We spoke to the movie's stars Kristin Scott Thomas, Armie Hammer, Lily James, and director Ben Wheatley about Netflix's new thriller.
There is an interesting parallel between the plot of Rebecca and the movie itself.
The story is of a new husband and wife moving into his huge countryside mansion, and she hears countless stories of how perfect and beautiful his first wife was, and before long the ghostly shadow has been cast over every aspect of her life.
And so it is with the 2020 remake, as director Ben Wheatley takes on the only movie Alfred Hitchcock directed to win the Best Picture Oscar, and his actors find themselves with equally big shoes to fill.
We were lucky enough to chat to the director and the actors of the new take on Rebecca (read our review in full here) in the run-up to the movie's premiere on Netflix, and we needed to know whether that pressure of taking on a classic was particularly daunting.
First up, Armie Hammer and Lily James, who play the central husband and wife, chat about their roles. In the 1940 adaptation, Hammer's character was played by the legendary Laurence Olivier, and Hammer tells us (while literally using a fly swatter to dispel some unwanted pests in his home), that he got off somewhat easy:
"I think Lily had it harder than I did, because Larry is dead, so he couldn't really complain about what I did, so I had that going for me."
Lily James then weighs in, who already knows about the pressures of living up to an iconic performer, having played a young Meryl Streep in the Mamma Mia sequel:
"You know, sometimes it is like a double-edged sword, because it can be so intimidating and terrifying, and in another way you've got someone to draw from or to be inspired by or to mimic, because they're some of the greatest actors of all time. It is an honour and a privilege, but yeah, deeply terrifying, too."
Next up, director Ben Wheatley - best known for his grimy crime thrillers Free Fire, High Rise, and Kill List - doesn't want people thinking that this is a remake of the Hitchcock classic, but a new adaptation of the original novel, as Hitchcock's remake couldn't go down some of the darker plot threads that the book did:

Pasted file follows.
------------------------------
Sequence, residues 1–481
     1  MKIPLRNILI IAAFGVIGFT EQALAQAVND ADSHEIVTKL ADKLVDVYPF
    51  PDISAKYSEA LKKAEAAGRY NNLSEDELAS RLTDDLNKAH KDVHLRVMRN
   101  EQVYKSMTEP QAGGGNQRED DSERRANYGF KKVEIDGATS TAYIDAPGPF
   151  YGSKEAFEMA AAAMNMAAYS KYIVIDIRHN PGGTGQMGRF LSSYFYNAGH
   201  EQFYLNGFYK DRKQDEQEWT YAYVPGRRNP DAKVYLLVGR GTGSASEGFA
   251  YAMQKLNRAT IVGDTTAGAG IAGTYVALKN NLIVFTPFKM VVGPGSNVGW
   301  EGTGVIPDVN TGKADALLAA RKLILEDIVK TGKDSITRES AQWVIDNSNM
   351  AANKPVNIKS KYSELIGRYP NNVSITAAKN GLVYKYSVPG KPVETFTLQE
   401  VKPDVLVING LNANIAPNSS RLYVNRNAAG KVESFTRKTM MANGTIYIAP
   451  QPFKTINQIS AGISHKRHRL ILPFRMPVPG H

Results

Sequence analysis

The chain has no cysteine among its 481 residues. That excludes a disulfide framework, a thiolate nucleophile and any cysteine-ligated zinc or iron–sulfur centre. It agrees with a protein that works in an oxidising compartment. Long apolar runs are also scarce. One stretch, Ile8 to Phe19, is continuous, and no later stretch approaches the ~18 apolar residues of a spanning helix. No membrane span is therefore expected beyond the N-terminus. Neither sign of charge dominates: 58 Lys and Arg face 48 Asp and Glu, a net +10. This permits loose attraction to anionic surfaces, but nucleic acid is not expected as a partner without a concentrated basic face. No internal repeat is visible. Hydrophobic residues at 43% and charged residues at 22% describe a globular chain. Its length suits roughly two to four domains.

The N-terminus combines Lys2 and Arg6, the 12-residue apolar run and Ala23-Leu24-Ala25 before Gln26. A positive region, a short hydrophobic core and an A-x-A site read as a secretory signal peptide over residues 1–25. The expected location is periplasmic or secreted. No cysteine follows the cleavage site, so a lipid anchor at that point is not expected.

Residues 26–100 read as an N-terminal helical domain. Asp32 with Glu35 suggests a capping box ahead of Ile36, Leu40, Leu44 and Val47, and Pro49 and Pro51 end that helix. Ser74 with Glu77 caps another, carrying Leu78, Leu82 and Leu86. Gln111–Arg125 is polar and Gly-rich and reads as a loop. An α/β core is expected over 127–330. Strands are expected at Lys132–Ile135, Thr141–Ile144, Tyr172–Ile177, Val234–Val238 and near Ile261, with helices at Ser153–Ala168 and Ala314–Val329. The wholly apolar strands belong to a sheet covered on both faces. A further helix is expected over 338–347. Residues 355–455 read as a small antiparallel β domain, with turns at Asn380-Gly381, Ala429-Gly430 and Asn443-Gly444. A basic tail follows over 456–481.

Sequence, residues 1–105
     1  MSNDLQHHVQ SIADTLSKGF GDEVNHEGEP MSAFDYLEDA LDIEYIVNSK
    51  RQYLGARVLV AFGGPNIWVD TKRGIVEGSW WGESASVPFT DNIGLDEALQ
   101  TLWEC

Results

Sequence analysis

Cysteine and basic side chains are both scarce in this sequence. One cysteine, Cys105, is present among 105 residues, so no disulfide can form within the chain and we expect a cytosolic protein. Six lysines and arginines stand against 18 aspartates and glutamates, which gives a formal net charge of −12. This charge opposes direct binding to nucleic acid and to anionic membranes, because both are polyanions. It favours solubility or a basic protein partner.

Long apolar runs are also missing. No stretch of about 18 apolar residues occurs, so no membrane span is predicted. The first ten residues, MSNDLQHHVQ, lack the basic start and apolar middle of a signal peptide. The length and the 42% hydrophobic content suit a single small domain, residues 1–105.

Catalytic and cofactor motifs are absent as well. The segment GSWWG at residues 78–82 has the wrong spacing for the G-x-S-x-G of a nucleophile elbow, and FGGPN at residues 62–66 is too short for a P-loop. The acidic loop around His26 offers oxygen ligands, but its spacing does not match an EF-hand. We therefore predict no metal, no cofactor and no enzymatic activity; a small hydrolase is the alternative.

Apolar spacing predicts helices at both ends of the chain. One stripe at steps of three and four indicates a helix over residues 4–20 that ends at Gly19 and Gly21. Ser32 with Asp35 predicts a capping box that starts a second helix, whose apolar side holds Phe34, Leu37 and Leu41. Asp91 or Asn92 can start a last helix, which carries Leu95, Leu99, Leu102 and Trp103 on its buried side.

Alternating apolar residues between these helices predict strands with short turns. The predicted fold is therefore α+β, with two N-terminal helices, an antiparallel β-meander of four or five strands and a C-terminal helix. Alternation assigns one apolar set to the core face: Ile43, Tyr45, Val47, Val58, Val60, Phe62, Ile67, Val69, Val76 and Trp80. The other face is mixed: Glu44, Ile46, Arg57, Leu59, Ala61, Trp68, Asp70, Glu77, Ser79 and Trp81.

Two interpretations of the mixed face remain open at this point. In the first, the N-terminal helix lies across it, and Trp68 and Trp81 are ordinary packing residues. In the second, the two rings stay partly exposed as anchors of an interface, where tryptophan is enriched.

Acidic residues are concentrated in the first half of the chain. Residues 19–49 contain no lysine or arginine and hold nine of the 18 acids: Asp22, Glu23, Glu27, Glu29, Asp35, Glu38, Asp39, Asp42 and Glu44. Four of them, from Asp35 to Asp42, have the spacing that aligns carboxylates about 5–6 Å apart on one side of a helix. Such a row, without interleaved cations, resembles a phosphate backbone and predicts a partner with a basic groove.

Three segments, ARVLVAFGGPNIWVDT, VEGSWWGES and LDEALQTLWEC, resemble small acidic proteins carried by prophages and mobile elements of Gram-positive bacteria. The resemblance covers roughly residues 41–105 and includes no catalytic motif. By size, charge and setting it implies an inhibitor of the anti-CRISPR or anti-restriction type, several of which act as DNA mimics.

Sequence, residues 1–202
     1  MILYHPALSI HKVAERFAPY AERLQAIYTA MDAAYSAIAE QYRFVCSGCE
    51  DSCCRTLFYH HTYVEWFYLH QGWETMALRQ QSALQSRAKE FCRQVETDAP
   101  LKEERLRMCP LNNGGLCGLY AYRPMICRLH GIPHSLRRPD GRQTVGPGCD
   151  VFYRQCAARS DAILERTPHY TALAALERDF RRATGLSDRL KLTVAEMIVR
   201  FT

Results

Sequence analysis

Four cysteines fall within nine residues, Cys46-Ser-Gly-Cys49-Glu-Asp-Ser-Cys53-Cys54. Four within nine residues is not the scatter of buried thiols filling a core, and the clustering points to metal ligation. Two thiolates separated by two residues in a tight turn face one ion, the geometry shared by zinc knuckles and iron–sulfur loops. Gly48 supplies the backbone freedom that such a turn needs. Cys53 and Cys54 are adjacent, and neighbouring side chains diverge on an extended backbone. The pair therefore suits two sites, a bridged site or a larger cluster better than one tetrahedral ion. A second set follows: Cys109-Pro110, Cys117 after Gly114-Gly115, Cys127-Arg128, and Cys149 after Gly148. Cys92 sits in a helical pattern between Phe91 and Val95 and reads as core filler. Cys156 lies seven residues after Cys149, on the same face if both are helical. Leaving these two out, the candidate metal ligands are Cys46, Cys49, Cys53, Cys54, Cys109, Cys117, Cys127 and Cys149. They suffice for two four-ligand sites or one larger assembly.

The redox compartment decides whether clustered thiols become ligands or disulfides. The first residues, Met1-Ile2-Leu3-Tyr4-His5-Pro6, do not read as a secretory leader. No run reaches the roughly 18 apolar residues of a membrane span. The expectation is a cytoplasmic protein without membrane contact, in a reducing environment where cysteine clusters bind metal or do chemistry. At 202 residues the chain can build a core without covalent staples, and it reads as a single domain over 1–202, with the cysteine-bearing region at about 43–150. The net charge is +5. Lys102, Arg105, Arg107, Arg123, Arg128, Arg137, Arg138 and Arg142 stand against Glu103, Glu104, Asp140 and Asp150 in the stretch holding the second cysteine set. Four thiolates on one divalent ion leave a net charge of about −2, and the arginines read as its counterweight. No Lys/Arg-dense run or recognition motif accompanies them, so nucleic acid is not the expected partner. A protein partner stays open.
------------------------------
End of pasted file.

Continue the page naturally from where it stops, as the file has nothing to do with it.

"I think the updating of it is interesting, because I re-read the book after I re-read the script, and I felt like there was something very modern in the book. On the one hand, it has got the DNA and the blueprints for a lot of thriller novels and thriller cinema, and that is why the idea of Rebecca feels like there is a massive shadow cast across culture from it.
"But at the same time, there are things that it does that have not really been repeated, like the idea of the moral structure of the story. That there is a murder in the middle of it, which is unsolved, unpunished, and that the audience almost kind of will the murderer to not be caught, which is very different from the things that we see now."
We also had to ask Wheatley about his casting decision behind Kristin Scott Thomas in the role of Mrs. Danvers. The Hitchcock version is considered to be one of the greatest cinema villains of all time, but Wheatley didn't see her character as necessarily being the baddie of his movie:
"I've got a lot of time for Danvers, and I feel she is the moral centre of the film in many ways. She is the defender of Rebecca's name, and she knows that something is wrong. I feel like in any other version of this story, she would be like an Agatha Christie style person, where she would solve the murder.
"It was important to get an actress of the calibre of Kristin Scott Thomas to play that, because she can play fierce and intimidating, but she can also can play the vulnerability of it."
And finally, we were lucky enough to chat to Kristin Scott Thomas herself about the role, and the specific cultural touchstones that she brought to the role in order to update the 1938 character for 2020 audiences:
"I think there is a whole thing going on, which has always existed, to do with physical appearance and status. Having the latest handbag, having the latest this and that. I sort of thought about a very sophisticated, very grand air hostess in first class somewhere. Where they make you feel about two inches tall? I don't know if you've ever experienced that, but I certainly have.
"It wasn't a particular character in somebody else's work, it was just that general feeling of the impenetrable, impeccable older woman, who seems to frighten everybody. The idea of the older woman who is in charge, is for some reason in the general consciousness of everybody, is sort of scary."
Rebecca debuts on Netflix on Wednesday, October 21.
These interviews have been edited slightly for clarity.
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